As I mentioned in my last post, my psychiatrist told me to just ‘get over’ this little, ‘mild’ bipolar problem of mine. So I decided, skrew you, I will do exactly that. Which also means that I won’t see you again and not that it really matters, but you will lose my money so HA. I did give it an actual try though. My meds were working in their higher doses and I felt fine. So I decided no psychiatrists, support groups, blogs, forums, no nothing. Just taking my pills morning and night without thinking about it. And it actually worked, sort of. I really wasn’t giving much thought to this little ‘like high blood pressure’ problem of mine. I would talk about it freely with those who asked, but in a detached manner, like it was just something part of my past.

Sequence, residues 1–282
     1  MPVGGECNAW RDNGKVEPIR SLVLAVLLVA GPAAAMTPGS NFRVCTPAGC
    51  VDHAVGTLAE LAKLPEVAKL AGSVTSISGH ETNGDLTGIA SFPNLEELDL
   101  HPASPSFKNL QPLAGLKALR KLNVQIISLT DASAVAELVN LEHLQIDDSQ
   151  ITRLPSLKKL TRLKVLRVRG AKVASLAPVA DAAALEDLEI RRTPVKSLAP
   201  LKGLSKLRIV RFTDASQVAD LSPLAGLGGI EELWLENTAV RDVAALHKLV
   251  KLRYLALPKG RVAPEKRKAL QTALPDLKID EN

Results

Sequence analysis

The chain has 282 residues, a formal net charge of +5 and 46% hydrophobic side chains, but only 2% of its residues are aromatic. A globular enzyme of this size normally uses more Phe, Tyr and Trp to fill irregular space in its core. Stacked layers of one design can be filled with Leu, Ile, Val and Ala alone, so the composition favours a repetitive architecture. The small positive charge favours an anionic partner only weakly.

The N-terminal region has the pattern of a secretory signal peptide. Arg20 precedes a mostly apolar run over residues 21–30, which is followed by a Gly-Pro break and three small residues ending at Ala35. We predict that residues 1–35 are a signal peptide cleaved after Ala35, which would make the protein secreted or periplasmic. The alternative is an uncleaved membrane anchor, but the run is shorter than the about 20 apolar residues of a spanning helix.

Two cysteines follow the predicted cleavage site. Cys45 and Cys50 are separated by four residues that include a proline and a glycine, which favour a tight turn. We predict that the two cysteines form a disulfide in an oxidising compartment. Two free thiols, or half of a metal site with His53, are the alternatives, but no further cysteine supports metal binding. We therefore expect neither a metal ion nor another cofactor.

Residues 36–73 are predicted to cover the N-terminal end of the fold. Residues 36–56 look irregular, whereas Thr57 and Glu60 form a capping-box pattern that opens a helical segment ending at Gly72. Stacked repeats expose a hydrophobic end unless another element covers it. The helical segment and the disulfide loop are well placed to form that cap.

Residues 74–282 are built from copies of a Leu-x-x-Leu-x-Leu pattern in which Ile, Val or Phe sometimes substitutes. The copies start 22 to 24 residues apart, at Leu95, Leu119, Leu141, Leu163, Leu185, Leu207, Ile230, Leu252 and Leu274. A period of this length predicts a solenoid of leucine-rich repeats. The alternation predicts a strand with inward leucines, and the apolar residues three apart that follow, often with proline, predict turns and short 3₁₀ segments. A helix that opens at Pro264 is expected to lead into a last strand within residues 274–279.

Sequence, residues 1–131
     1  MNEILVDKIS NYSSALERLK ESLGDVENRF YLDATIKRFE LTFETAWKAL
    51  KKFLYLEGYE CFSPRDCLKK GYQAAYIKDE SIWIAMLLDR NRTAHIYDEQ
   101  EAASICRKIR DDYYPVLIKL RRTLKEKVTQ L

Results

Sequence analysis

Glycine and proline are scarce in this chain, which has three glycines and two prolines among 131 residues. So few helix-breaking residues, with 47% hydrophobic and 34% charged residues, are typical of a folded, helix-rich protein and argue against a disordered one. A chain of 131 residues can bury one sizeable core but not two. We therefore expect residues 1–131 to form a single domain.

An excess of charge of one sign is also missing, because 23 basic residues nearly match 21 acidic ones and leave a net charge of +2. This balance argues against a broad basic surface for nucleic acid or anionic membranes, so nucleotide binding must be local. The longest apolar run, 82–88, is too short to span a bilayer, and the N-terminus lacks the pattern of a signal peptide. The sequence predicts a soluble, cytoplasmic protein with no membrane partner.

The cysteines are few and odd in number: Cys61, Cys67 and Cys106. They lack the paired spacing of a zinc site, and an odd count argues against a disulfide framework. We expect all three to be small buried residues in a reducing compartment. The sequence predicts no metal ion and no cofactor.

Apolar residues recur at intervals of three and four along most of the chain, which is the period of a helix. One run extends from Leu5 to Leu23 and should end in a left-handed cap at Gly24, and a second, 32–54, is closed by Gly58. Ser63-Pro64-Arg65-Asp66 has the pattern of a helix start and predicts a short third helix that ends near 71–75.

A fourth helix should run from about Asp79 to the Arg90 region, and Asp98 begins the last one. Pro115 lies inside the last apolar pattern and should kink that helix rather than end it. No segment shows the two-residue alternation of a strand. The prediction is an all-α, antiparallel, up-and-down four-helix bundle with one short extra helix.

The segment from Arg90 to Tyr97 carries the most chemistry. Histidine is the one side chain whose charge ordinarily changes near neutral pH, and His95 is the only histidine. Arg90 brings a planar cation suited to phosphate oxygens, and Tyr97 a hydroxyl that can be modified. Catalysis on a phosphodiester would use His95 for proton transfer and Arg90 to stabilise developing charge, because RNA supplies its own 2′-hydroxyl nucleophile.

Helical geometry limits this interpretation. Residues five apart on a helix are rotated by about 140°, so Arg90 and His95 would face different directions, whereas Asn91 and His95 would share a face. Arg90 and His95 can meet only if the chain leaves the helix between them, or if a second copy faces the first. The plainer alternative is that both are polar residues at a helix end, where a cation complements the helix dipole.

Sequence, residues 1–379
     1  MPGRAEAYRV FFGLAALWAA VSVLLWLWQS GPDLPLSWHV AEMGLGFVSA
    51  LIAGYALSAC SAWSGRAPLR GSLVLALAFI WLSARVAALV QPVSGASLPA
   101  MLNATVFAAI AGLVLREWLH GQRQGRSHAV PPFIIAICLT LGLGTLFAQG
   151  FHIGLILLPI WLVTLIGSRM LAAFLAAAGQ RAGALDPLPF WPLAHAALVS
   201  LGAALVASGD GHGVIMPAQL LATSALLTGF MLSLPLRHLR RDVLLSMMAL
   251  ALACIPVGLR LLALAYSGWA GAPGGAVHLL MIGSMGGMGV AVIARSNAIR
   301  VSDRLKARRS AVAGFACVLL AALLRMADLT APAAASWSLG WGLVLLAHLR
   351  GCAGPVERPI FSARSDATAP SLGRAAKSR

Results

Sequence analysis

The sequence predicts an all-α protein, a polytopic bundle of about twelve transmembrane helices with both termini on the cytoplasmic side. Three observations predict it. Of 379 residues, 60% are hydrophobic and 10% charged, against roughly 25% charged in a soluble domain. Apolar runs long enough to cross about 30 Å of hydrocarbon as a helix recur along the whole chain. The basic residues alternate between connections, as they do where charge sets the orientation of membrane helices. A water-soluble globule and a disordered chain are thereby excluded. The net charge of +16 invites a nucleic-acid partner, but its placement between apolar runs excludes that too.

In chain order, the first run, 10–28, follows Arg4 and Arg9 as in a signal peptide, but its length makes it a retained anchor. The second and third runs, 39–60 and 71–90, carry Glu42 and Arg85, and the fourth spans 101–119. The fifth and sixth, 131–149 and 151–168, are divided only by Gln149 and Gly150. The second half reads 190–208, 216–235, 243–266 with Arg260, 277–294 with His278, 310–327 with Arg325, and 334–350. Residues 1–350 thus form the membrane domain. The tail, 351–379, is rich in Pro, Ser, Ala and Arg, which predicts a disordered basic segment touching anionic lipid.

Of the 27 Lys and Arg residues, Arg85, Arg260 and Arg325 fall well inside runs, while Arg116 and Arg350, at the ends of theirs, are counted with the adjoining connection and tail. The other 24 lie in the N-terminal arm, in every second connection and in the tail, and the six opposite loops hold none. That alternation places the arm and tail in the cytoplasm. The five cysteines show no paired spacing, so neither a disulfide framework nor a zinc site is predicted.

So I was almost two months in with this and it worked pretty well. In the meantime I met a very nice man, who it then didn’t work out with (men hey…). But shame, it’s not his fault that I’m depressed now. Maybe just a little bit. But I think it started a week or so before we broke up. Today I was extremely irritated and even a bit bitchy. I had one of those days where you just want to lash out and scream. And while I was lying in the bath tonight, while I was actually suppose to be at a dance lesson, it hit me. I am depressed. Not suicidally depressed, but it’s definitely there lurking underneath the surface. And I realised it’s been 3 to 4 weeks. And I wasn’t surprised as it seems like my period of calm is two months. It never lasts longer than that. Being older and wiser and being better at recognising things for what they are, instead of thinking it’s all in my head, I can now see some of my early signs of depression, which I will gladly share with y’alls.